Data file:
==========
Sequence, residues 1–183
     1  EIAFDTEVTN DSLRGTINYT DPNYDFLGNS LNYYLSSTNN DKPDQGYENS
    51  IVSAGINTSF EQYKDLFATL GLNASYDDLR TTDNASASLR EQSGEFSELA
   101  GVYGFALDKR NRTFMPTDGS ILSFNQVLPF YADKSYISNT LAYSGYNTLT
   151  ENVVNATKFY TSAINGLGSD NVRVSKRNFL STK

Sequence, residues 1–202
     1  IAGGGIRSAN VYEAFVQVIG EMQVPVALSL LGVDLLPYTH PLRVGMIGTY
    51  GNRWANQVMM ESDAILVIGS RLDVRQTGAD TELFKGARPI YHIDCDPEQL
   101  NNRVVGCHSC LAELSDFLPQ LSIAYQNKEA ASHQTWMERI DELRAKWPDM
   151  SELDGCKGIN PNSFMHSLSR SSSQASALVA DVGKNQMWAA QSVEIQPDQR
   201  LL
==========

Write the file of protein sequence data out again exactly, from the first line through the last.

Sequence, residues 1–183
     1  EIAFDTEVTN DSLRGTINYT DPNYDFLGNS LNYYLSSTNN DKPDQGYENS
    51  IVSAGINTSF EQYKDLFATL GLNASYDDLR TTDNASASLR EQSGEFSELA
   101  GVYGFALDKR NRTFMPTDGS ILSFNQVLPF YADKSYISNT LAYSGYNTLT
   151  ENVVNATKFY TSAINGLGSD NVRVSKRNFL STK

Sequence, residues 1–202
     1  IAGGGIRSAN VYEAFVQVIG EMQVPVALSL LGVDLLPYTH PLRVGMIGTY
    51  GNRWANQVMM ESDAILVIGS RLDVRQTGAD TELFKGARPI YHIDCDPEQL
   101  NNRVVGCHSC LAELSDFLPQ LSIAYQNKEA ASHQTWMERI DELRAKWPDM
   151  SELDGCKGIN PNSFMHSLSR SSSQASALVA DVGKNQMWAA QSVEIQPDQR
   201  LL